Information on U.S. Army helicopter OH-6A tail number 67-16645
The Army purchased this helicopter 0269
Total flight hours at this point: 00001343
Date: 03/08/1971 MIA-POW file reference number: 1721
Incident number: 71030820.TXT
Unit: B/2/17 CAV
This was a Combat incident. This helicopter was LOSS TO INVENTORY
This was a Recon mission for Armed Recon
Unknown this helicopter was Unknown at 1500 feet and 070 knots.
UTM grid coordinates: YD199129
Count of hits was not possible because the helicopter burned or exploded.
Small Arms/Automatic Weapons; Gun launched non-explosive ballistic projectiles less than 20 mm in size. (12.7MM)
Systems damaged were: PERSONNEL
Casualties = 02 DOI . .
The helicopter Crashed. Aircraft Destroyed.
Both mission and flight capability were terminated.
Original source(s) and document(s) from which the incident was created or updated: Defense Intelligence Agency Reference Notes. Defense Intelligence Agency Helicopter Loss database. Survivability/Vulnerability Information Analysis Center Helicopter database. Also: 1721, LNNF, CASRP (Lindenmuth New Format Data Base. Casualty Report. )
Loss to Inventory
OB SGT GRANTHAM ROBERT EUGENE BNR
P 1LT HALE JOHN DOUGLAS BNR
SYNOPSIS: On March 8, 1971, 1Lt. John D. Hale, pilot, and Cpl. Robert E. Grantham, observer, were on board an OH6A helicopter (serial #67-16645) on an armed reconnaissance mission with an AH1G Cobra gunship and a UH1A helicopter as a control ship. The OH6A aircraft was attempting to start a fire on a hilltop by dropping incinerary grenades. When 1Lt. Hale's aircraft later made a pass over the area to see if the fire had started, it began receiving ground fire. The crew of the AH1G gunship saw the ground fire and engaged a target while instructing Hale to break away. Lt. Hale called after he broke away, "I'm taking fire from 3 o'clock." The AH1G gunship then broke away from the first source of gunfire to engage the second. At that time both the OH6A and AH1G pilots reported taking fire. In the next radio transmission, Hale's OH6A reported that he was hit and was going down, and asked if he was in sight. The AH1G gunship did see him and called the UH1H control ship to confirm the sighting, but the control ship could not spot Hale's aircraft. The gunship began dropping white phosphorous grenades to help illuminate the area of Hale's aircraft. At the time Hale called that he was going down, his aircraft seemed to come apart and begin spinning, as if it had a tail rotor failure. Numerous objects were flying out of the aircraft while it was spinning. The spinning slowed at about 500 feet above the ground, but increased again prior to impact. The aircraft exploded upon impact with the ground. The chase control ship went over the crash site and hovered there, looking for survivors, but due to the intense enemy fire, it had to leave the area. The control ship returned, but saw no survivors on either hover. The largest part of the aircraft that could be seen was what appeared to be the left engine door. An electronic search was unsuccessful. No ground search was possible because of the intense enemy activity. Hale and Grantham went down in an area so hot that no one could go in for them. Because of this, the U.S. believes there is a strong probability that the Vietnamese know exactly what happened to them and to their aircraft. By 1973, aerial photographs revealed no sign of the aircraft; presumably, the aircraft parts had been salvaged by villagers or soldiers.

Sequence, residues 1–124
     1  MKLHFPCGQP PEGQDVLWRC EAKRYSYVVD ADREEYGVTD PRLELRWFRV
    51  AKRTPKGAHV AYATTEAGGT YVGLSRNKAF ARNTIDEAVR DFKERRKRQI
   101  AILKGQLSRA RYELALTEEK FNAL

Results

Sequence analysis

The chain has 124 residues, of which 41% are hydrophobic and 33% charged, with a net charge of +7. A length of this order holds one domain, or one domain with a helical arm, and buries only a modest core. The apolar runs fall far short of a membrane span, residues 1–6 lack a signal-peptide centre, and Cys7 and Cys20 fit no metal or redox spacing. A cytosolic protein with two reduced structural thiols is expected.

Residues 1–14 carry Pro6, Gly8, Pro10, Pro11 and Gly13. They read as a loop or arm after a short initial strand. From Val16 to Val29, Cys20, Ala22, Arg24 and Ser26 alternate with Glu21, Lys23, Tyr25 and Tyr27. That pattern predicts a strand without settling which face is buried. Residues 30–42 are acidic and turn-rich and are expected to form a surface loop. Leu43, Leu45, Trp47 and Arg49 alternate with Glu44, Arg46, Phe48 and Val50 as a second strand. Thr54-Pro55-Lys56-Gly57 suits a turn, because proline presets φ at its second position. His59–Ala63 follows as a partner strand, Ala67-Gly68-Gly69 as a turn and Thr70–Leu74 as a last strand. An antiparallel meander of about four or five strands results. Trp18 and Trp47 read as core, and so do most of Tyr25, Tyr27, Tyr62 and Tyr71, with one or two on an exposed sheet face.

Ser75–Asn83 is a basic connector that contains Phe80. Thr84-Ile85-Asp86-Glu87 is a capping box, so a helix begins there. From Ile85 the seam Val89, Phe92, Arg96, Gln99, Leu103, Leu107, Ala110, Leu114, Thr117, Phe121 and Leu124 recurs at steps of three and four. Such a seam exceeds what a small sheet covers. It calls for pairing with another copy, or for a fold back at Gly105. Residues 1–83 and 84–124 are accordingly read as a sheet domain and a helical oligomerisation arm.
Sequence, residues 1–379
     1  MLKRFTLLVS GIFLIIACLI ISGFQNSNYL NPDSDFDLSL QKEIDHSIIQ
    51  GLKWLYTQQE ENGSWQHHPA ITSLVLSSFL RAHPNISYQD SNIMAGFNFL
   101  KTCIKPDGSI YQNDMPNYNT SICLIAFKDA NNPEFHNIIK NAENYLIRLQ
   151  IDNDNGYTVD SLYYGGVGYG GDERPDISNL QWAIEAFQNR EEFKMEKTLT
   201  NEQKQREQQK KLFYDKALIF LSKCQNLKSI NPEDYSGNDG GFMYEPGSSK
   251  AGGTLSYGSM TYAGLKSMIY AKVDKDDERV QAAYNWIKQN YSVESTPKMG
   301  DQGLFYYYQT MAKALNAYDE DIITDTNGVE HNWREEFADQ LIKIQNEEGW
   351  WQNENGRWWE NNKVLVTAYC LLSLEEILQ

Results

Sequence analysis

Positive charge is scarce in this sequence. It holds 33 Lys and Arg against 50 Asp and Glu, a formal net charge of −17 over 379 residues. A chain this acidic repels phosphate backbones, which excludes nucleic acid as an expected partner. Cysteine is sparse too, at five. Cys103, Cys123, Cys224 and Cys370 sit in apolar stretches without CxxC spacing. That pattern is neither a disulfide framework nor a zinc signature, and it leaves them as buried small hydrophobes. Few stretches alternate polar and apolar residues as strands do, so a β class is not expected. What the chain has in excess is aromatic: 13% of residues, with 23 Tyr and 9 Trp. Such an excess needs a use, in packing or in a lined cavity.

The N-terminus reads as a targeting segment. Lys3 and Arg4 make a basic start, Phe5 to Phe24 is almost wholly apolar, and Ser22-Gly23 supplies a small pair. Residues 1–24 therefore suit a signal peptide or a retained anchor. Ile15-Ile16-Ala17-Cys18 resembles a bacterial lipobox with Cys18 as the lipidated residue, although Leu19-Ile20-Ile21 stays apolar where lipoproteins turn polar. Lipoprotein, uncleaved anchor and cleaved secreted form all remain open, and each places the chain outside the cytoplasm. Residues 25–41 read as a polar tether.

Shot down at the northern end of the Ashau Valley. The aircraft spun down then was hit by SA-7 heat seeker missile. Intelligence told all involved "there were no SA-7 missiles in RVN". We soon found out differently. from William W. Jones, Banshee 29, July 1997.
This record was last updated on 08/22/2000
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Date posted on this site: 09/23/2017
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